Third, write everything down that happened to you. Write down the date that you were terminated, who terminated you, what they precisely said was the reason for your termination, and who else was present. Write down whether you think the reason your employer gave you was accurate or not, and why. Write down the names of employees that you think may have useful information. Write down the types of documents or emails that you think may have good information about your case. Write down everything – the reason for this is that your memory will probably fade over time and you want to document things while they’re fresh in your mind. If you pursue a lawsuit, your trial likely won’t be for at least 12 to 18 months, so you want to have something that you can refer to – write everything down.
Fourth, immediately send a letter or email request to your employer requesting your personnel file and the reason for your termination. Under Minnesota law, your employer needs to provide it to you. If your employer hasn’t paid you all of your wages or given you your last paycheck, make sure to request those wages in writing also (by letter or email).
Fifth, call us to talk about your case.
What is the Statute of Limitations for a Sex or Pregnancy Discrimination Case?
You need to move quickly on these. In Minnesota, you’ve got just one year from the date of the wrongful termination or last discriminatory act to bring a lawsuit or file a claim with the Minnesota Department of Human Rights. You’ve only got 300 days from the date of the termination or last discriminatory act to file a claim with the Equal Employment Opportunity Commission, if you want to bring federal claims under Title VII.
Contact Our Employment and Sex Discrimination Attorneys.
You must act quickly when it comes to employment claims. If you wait, there may be strict statutes of limitation that will bar you from filing any claim at all against your employer. Call Madia today to discuss your case.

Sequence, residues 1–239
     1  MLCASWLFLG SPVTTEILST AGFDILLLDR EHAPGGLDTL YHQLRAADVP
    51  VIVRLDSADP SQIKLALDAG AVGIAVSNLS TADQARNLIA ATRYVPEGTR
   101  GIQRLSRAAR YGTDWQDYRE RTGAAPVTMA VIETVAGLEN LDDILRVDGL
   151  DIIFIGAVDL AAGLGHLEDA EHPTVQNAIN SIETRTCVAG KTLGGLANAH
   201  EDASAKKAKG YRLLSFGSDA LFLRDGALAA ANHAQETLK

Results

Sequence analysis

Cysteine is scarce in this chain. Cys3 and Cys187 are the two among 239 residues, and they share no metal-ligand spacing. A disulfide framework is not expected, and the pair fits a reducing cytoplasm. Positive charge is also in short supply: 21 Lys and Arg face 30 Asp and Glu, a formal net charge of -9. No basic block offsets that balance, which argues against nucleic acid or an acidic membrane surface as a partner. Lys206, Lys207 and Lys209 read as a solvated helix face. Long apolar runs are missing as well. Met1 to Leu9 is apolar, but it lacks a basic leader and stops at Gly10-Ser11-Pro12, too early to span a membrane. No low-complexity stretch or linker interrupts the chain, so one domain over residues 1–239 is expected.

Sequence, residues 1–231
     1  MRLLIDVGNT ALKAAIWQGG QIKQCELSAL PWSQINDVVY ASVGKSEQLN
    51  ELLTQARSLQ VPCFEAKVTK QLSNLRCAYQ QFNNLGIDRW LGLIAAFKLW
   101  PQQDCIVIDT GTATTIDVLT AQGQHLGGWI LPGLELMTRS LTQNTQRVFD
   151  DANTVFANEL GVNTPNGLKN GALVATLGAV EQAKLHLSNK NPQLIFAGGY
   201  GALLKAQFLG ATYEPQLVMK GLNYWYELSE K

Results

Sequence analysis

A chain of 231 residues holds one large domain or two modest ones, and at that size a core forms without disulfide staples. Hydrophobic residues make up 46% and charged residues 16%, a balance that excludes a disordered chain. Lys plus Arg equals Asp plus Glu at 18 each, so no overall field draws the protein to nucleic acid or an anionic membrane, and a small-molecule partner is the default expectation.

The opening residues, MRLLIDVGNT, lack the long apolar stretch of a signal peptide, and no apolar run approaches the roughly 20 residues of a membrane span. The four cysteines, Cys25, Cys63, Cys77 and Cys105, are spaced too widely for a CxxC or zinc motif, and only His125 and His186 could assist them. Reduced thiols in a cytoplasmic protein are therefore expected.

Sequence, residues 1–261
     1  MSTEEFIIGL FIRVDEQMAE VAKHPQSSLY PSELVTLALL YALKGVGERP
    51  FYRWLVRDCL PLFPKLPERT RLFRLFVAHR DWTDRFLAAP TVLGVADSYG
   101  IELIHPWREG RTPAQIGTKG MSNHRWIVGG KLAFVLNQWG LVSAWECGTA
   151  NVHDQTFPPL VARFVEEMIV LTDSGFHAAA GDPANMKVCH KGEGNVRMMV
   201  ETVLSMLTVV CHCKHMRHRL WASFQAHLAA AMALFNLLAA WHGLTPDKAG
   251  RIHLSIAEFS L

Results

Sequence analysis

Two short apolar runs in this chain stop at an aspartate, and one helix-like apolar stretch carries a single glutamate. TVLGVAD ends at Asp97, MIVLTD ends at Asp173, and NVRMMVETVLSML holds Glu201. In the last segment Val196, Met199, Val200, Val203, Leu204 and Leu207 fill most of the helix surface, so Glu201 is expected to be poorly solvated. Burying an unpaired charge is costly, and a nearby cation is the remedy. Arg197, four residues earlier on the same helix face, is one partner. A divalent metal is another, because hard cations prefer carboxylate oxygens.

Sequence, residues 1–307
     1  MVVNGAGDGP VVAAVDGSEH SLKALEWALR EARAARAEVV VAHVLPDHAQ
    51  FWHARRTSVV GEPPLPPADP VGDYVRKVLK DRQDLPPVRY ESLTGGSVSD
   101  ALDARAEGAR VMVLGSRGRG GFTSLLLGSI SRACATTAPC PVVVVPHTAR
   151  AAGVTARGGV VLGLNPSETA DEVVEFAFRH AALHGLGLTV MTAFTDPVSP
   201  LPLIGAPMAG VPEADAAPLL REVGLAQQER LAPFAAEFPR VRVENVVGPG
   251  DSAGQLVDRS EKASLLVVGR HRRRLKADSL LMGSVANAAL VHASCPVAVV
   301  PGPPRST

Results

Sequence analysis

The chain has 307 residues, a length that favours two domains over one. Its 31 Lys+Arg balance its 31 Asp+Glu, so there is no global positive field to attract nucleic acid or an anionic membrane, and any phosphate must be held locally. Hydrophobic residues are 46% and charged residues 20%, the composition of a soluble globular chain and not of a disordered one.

First, contact our office and tell us about your situation. You’ll talk with our staff for about 5-10 minutes. They’ll get some basic information about you and your case.
There’s some information that we’ll need when you call. We will want to know who you worked for, what kind of work you did, for how long worked there, how much you earned, if/when you were terminated, the reason given by your employer for any discipline and termination, and why do you think your employer did something unlawful or wrongful. If you have this information handy, it will allow us to proceed more quickly.
We will get back to you shortly – usually within a few hours. If your potential case is a little outside of our wheelhouse, we may refer you to attorneys, agencies, or organizations that we think might be better suited to handle your situation. Our goal is to ensure you get the best and most appropriate help possible for your particular situation. If that’s not us, we’ll try to tell you immediately and point you in the right direction.
If we think that we might be able help you, we’ll set an appointment for you to talk with one of our employment lawyers. We’ll discuss your case, and give you our honest assessment of its strengths, weaknesses, and value. If we then mutually agree that Madia will represent you, we will talk about the process of moving forward with your case.
When you talk with our employment lawyers, please be sure to have all relevant documents that you have in your possession. For example, that could include: pay-stubs, personnel files, employment handbooks/policies, letters from your employer (including your termination letter), any text messages or emails that you think are important, and any other documents that you think might be helpful.